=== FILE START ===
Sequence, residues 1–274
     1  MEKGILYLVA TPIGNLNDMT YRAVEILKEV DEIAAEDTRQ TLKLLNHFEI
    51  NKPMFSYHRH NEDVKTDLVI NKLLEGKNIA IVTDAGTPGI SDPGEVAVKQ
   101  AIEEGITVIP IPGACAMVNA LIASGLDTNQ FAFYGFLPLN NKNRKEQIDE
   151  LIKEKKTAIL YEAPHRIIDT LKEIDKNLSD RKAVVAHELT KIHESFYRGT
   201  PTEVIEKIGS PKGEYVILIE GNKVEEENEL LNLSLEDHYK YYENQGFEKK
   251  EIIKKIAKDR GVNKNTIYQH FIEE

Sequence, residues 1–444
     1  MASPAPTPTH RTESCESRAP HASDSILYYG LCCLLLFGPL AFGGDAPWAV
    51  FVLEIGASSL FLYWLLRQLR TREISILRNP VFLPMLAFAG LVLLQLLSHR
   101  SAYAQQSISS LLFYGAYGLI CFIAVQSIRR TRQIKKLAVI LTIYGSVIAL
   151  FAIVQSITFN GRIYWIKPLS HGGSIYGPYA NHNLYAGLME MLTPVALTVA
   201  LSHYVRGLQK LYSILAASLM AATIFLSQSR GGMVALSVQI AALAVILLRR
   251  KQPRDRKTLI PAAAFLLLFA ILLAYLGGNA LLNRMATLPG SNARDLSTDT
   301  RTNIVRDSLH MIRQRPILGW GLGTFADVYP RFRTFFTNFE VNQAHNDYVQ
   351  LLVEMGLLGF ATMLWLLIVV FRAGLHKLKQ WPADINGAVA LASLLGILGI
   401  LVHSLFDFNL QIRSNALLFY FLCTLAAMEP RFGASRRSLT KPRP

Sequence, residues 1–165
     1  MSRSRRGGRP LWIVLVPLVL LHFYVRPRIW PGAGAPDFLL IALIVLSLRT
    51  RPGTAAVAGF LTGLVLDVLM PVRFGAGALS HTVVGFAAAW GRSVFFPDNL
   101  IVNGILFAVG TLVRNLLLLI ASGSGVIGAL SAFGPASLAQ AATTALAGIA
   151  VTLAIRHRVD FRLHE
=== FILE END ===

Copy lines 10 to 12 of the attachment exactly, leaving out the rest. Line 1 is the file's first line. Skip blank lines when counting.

    51  FVLEIGASSL FLYWLLRQLR TREISILRNP VFLPMLAFAG LVLLQLLSHR
   101  SAYAQQSISS LLFYGAYGLI CFIAVQSIRR TRQIKKLAVI LTIYGSVIAL
   151  FAIVQSITFN GRIYWIKPLS HGGSIYGPYA NHNLYAGLME MLTPVALTVA